Minister for Health Stephen Donnelly will amend patient safety legislation to ensure it is mandatory for clinicians to inform patients of a right to a review of their slides if cancer is diagnosed.
“That’s not normally what’s done. We don’t normally legislate at that level of operating procedure,” Mr Donnelly told the Dáil on Wednesday night, adding that “we’re all aware there’s a particularly unique context to this in Ireland”.
He said the mechanism “will ensure that every single patient will be given the choice” of a review although experience in the UK showed that half of patients did not want that review. The Minister said it would be mandatory to inform every patient, male or female, involved in any cancer screening service and diagnosed with the disease of this right.
The Minister was responding to Opposition demands over the Government’s legislative proposals to deal with the legacy of the CervicalCheck scandal.
The issue surfaced in 2018 after Vicky Phelan, who had cervical cancer, settled her High Court case for €2.5 million after she was given incorrect smear test results. It emerged that hundreds of women diagnosed with cervical cancer were not told about an audit of past smear tests. The HSE said at the time that in the cases of more than 200 women, the audit found on look-back that their screening tests “could have provided a different result or a warning of increased risk or evidence of developing cancer”.
Sinn Féin leader Mary Lou McDonald had earlier described the measures on mandatory disclosure of information to patients as “seriously flawed”.
Labour’s Alan Kelly said the legislation would “not pass the Vicky test”, a reference to Ms Phelan, who died last month after campaigning for years for the mandatory disclosure of “discordant” health slides to patients.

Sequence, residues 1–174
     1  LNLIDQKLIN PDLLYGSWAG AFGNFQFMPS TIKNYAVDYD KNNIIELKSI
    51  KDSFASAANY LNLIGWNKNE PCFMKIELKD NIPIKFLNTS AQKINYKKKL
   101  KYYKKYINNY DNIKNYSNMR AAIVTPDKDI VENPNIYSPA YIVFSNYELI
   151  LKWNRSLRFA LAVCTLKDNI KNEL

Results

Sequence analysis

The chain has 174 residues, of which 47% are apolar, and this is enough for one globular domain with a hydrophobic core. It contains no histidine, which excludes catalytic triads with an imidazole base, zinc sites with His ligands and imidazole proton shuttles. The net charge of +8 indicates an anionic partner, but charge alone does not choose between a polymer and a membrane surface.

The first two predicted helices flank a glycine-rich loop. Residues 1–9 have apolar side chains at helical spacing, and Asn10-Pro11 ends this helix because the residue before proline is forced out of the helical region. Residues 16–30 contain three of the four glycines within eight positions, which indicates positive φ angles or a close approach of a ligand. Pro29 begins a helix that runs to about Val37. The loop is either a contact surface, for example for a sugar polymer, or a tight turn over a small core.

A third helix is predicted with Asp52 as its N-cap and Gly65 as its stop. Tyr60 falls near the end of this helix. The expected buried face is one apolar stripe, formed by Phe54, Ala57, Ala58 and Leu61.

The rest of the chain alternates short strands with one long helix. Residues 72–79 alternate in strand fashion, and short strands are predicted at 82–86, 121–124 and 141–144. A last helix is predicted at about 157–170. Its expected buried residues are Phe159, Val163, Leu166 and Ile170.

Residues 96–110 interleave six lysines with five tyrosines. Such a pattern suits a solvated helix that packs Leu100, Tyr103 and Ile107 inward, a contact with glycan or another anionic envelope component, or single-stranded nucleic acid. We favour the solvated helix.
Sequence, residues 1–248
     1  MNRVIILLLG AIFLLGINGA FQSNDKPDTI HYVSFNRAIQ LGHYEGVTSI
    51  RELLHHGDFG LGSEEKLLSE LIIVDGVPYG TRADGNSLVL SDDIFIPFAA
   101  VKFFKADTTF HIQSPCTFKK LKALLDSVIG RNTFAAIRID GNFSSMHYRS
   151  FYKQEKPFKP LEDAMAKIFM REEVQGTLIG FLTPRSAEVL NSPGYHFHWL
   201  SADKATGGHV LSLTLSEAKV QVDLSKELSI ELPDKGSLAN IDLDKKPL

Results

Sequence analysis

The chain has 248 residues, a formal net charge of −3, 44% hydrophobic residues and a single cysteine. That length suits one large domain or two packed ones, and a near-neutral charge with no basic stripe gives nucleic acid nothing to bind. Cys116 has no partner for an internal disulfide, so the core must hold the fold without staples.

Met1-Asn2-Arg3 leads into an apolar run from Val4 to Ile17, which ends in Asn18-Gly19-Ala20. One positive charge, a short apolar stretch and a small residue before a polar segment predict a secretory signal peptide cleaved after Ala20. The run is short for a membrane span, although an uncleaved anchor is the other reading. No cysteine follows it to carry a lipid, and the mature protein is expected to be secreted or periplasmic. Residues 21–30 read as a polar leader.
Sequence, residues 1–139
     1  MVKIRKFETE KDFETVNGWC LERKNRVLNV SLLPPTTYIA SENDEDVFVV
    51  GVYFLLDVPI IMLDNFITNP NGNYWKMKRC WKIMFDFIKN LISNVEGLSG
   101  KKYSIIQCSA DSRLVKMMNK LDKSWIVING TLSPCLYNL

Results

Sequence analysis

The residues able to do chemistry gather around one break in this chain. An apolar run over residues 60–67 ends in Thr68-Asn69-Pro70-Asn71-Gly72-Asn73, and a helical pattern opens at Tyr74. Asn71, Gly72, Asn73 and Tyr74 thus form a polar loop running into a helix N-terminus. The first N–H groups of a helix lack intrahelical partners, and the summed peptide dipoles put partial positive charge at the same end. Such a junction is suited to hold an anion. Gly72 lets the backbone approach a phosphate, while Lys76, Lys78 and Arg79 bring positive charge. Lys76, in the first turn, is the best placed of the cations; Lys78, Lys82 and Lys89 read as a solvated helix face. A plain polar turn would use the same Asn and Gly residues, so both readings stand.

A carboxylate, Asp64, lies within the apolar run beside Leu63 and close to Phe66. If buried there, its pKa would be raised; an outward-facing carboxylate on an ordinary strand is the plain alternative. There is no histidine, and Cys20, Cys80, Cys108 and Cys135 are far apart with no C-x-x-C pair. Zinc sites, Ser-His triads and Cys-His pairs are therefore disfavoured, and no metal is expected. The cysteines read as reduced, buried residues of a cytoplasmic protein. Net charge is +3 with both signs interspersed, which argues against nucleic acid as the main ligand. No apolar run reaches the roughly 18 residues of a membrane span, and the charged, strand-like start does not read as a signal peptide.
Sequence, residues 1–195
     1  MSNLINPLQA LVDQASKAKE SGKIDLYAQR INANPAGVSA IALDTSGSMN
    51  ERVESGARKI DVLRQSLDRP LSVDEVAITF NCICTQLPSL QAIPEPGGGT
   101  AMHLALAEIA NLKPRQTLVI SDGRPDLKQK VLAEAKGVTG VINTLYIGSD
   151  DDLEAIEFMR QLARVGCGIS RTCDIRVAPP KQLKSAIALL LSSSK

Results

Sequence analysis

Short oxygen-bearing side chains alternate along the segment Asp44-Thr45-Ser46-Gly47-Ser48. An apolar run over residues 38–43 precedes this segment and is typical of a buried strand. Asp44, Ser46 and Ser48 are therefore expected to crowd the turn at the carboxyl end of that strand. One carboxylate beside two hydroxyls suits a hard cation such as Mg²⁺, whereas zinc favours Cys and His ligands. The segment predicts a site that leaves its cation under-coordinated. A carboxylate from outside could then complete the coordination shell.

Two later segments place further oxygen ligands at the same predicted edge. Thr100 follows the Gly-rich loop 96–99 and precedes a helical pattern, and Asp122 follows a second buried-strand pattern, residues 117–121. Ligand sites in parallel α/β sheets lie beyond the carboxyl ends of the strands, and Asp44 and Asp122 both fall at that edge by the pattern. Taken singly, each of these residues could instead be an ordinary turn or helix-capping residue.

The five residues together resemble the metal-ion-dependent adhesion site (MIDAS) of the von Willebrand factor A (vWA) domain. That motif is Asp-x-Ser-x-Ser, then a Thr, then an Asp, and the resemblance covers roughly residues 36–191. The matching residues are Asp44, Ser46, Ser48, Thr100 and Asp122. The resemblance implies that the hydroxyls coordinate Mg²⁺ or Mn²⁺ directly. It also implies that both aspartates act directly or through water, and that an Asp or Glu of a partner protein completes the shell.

Ms McDonald said “there is provision for a right to review provided, and that’s a welcome thing, but there is a distinction between a right to review and a positive obligation on a clinician or a health service provider to reveal or pass on information”.
The Dáil was expected to pass the Patient Safety Bill on Wednesday evening after debate on some 50 amendments over two hours. But following talks, a four-hour debate was scheduled.
Mr Donnelly told TDs that it would take some time to “craft” the amendment to the Bill and the legislation was adjourned for further debate in January.
Sinn Féin health spokesman David Cullinane welcomed the Minister’s decision to amend the Bill and said it places a “legal obligation” on medical personnel to inform a woman of her right to review, rather than for her to request one.
The Minister insisted, however, that it was standard practice globally to conduct anonymous audits. Ms McDonald said that if that had been the case, Ms Phelan would not have discovered the discordance in her own cervical slide.
Mr Donnelly said “there is no perfect answer on this but the advice was to anonymise the audits” and that an expert group established by Dr Gabriel Scally following the CervicalCheck controversy had recommended anonymised audits.
Pointing to the UK experience of mandatory open disclosure, he said that when clinicians asked patients diagnosed with cancer if they wanted a review, 50 per cent to 60 per cent of people declined.
The department believed that the best option was to “put it entirely in the hands of the patient” to request a review if a discordance in their slide was found. But he will amend the Bill to make it mandatory for clinicians to inform patients that they can have a review.